RED BAY, NL – The Red Bay National Historic Site is celebrating its best year ever for tourist visitation.
And there’s reason to be optimistic about the future of the site as well.
Per a Parks Canada press release, visitors from all over the world came to Red Bay, a UNESCO World Heritage site, to learn about Basque whaling operations, which took place in Red Bay in the 16th and 17th centuries.
The site drew more than 12,000 visitors from June to September 2017 for the very first time – 18 per cent increase from the previous year.
“It’s been a great year, and it was really exciting to surpass that 12,000-mark,” said Cindy Gibbons, visitor experience team leader at the site. “There was a lot of anticipation when we got down to the final few weeks and we realized we were close. Everyone was excited that finally, ‘we’ve got 12,000 people here.’”
She says there are a few reasons for the increase.
Firstly, government offered free admission to national parks, historic sites and marine conservation areas this year as part of the Canada 150 promotion.
Gibbons says it was a cause for celebration and they hosted a few events that drew people.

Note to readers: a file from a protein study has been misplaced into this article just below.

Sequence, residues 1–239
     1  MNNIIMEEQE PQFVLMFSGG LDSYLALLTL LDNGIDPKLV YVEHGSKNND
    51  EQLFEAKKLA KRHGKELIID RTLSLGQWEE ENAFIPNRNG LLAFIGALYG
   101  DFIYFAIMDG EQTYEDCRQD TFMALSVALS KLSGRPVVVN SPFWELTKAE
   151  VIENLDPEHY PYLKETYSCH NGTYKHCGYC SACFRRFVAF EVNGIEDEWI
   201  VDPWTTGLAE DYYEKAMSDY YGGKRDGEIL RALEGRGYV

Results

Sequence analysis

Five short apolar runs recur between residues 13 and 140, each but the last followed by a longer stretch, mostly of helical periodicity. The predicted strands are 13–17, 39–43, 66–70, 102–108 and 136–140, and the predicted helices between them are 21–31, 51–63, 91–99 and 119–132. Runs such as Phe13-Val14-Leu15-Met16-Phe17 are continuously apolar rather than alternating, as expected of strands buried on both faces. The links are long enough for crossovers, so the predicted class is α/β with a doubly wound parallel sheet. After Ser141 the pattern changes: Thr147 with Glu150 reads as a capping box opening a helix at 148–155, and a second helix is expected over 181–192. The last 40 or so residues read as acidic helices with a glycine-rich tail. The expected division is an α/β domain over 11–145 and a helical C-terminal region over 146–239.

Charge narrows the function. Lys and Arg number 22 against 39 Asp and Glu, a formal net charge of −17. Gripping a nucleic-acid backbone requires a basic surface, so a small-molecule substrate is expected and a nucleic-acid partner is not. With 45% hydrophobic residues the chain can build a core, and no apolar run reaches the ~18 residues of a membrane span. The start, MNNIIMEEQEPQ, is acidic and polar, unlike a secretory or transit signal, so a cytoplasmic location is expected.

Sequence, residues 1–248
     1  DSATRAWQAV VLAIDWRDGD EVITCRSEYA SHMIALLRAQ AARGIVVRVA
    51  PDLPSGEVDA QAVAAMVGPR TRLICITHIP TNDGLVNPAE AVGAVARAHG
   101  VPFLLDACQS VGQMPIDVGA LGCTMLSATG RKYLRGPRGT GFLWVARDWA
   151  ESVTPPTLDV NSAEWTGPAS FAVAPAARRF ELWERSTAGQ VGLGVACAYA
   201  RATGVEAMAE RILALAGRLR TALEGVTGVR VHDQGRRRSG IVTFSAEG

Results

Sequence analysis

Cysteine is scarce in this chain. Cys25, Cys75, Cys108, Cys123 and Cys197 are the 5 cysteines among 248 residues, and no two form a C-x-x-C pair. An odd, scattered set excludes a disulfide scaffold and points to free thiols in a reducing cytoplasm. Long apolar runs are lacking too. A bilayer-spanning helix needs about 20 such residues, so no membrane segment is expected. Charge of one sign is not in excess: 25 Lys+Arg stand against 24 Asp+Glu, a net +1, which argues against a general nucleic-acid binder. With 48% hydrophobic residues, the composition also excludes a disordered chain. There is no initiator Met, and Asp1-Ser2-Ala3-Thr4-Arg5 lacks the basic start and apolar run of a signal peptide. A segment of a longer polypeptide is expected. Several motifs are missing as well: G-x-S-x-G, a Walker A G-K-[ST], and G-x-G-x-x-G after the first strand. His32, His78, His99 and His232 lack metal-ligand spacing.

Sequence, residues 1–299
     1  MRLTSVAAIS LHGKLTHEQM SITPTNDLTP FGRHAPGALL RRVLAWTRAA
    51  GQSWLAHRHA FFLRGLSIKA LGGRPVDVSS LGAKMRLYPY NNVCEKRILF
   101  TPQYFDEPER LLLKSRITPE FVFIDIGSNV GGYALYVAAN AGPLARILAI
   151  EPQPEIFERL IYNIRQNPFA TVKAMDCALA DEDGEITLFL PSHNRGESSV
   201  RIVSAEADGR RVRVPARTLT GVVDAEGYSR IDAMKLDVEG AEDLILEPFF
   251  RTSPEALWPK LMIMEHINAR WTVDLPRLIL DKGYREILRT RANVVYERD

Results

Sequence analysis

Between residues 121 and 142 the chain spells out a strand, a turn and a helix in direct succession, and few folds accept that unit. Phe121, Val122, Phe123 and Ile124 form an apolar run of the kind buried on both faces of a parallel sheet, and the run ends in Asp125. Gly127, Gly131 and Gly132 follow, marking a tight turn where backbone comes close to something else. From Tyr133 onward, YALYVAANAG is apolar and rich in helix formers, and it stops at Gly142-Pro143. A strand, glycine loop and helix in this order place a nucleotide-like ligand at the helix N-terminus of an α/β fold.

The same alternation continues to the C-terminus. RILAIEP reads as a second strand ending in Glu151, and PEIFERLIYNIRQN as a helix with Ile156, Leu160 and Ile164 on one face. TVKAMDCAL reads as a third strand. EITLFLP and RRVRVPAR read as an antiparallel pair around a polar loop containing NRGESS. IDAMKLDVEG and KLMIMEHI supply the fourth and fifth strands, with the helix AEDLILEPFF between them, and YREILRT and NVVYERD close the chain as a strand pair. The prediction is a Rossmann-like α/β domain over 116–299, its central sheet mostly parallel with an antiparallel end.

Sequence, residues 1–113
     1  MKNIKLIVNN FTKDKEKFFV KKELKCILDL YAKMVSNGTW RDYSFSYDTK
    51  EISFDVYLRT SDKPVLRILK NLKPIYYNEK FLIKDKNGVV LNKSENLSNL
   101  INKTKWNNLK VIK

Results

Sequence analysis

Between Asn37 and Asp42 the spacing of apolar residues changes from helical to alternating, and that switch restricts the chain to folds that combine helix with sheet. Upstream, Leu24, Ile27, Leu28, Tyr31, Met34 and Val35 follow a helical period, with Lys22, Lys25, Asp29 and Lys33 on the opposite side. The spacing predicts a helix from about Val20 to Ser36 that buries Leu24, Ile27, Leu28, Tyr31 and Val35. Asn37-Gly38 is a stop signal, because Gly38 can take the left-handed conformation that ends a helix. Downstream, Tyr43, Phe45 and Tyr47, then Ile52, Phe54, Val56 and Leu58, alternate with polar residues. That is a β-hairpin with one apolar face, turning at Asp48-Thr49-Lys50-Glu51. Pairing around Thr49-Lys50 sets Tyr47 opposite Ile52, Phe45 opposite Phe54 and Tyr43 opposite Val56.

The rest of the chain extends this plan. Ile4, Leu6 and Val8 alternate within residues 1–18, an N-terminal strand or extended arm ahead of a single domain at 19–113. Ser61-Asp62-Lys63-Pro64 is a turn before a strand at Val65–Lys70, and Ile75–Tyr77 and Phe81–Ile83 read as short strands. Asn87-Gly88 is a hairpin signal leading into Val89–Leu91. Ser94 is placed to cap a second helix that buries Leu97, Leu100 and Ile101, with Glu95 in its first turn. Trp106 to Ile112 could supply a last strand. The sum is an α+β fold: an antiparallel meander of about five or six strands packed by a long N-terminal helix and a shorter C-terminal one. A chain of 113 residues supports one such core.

“Just the air of celebration, overall I think, across the country was important,” she said.
Their events included National Aboriginal Day, which Gibbons calls an opportunity to showcase Labrador’s unique culture; Canada Day, which she says attracts a lot of local people and gives them a chance to mingle with visitors coming from away; and Parks Day, which marks the significance of Canada’s parks.
These are annual events.
Secondly, she says the Red Bay National Historic Site has attracted more visitors since it was designated a UNESCO World Heritage Site in 2013.
Lastly, 2017 was the centenary of national historic sites in Canada. The first national historic site was established 100 years, and celebrations commemorating that event took place in Red Bay this summer.
Gibbons said Red Bay’s increased visitation was a part of a trend across the entire country.
“More Canadians and international visitors are coming to our parks and sites than ever before,” she said.
Based on its trajectory in recent years, Gibbons believes the site will attract more visitors in the future.
“We’re planning for that,” she said.
Plans include an infrastructure project that will consolidate site operations. The federal government has invested funds to combine the interpretative facilities.
“We have two interpretative facilities here – we have our welcome center and a separate interpretation center – so (we’re) consolidating and expanding our welcome center to increase our exhibit areas,” Gibbons explained.
“That will help us better present the story of Red Bay and the world heritage site.”
She adds the project will also decrease the site’s environmental footprint, and she’s hopeful the changes will draw more people in.
“Hopefully that’ll make our story better and more appealing to people, and that will draw people here as well in the future,” she said.
This project is in the planning phase.